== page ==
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Clin Pediatr (Phila). 1991 Apr;30(4 Suppl):30-3; discussion 34-5.

Tympanic membrane temperatures compared to rectal and oral temperatures.

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1
Cleveland Clinic Foundation, Department of Pediatric and Adolescent Medicine.

Abstract

One hundred thirty-seven children at the Cleveland Clinic Foundation were enrolled in a study comparing the accuracy and acceptability of tympanic membrane temperatures taken with Thermoscan to rectal or oral temperatures taken by IVAC electronic thermometers. The mean age of the rectal/ear group was 1.2 +/- 0.86 years (range 0.08-5.0 years) with 22 females and 21 males. The mean age of the oral and ear group was 9.0 +/- 4.24 years (range 3-18 years) with 44 females and 50 males. Significantly large (p less than 0.01) correlation coefficients were present between temperatures in the left ear and right ear (0.92), rectal and mean ear (0.77) and oral and mean ear (0.68). The temperature difference between mean ear and rectal measurements was -1.1 degree +/- 0.51 degree C and the temperature difference between the mean ear and oral measurements was -0.20 degrees +/- 0.59 degrees C. A relative lack of correlation between ear and oral temperatures was noted with flat tympanograms, otoscopically diagnosed middle ear effusion, and with red-white or red tympanic membranes. However, small subgroup sizes (6-16) may have contributed to this lack of correlation. Parents and physicians were impressed by the 2.5 second speed of the new technique. However, younger children were nearly as likely to resist and cry with ear as with rectal temperatures. Parents were comfortable with the ease, cleanliness and safety of ear temperatures. While these data indicate a strong correspondence of ear temperatures with oral and rectal temperatures, parents were not as confident of ear temperatures' accuracy.(ABSTRACT TRUNCATED AT 250 WORDS)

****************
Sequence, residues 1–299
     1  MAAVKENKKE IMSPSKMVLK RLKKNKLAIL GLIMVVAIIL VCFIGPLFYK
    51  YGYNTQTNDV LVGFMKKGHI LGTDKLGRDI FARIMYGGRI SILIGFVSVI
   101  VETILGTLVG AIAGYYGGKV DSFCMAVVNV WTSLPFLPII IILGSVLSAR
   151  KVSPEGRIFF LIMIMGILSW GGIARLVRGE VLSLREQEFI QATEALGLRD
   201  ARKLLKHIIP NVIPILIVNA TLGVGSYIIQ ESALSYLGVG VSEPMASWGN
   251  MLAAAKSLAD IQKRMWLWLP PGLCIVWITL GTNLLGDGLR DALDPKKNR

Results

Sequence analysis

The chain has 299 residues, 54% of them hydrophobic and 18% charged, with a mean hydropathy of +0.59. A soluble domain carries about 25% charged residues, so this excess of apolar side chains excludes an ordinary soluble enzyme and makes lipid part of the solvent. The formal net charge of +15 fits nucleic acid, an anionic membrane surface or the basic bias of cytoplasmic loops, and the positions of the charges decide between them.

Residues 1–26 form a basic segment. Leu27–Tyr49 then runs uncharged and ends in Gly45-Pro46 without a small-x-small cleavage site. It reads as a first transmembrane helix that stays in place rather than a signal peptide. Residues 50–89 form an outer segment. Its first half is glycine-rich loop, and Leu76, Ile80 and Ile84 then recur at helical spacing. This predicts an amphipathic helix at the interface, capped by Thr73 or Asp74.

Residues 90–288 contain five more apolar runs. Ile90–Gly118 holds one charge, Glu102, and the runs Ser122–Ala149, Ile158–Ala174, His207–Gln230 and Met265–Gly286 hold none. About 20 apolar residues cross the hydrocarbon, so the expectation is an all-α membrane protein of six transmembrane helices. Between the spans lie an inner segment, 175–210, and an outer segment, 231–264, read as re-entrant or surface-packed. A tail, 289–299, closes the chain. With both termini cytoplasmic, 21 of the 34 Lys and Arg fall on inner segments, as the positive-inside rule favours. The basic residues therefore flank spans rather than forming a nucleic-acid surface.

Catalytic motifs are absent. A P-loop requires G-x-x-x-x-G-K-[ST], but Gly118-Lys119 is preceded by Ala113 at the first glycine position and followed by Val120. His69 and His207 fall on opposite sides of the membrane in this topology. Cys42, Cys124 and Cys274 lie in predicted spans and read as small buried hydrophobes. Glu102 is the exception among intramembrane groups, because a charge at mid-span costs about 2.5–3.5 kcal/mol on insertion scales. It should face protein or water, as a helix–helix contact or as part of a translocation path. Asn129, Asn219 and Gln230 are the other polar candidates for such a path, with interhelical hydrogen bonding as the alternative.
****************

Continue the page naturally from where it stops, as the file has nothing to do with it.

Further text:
PMID:
2029816
DOI:
10.1177/0009922891030004S09
[Indexed for MEDLINE]
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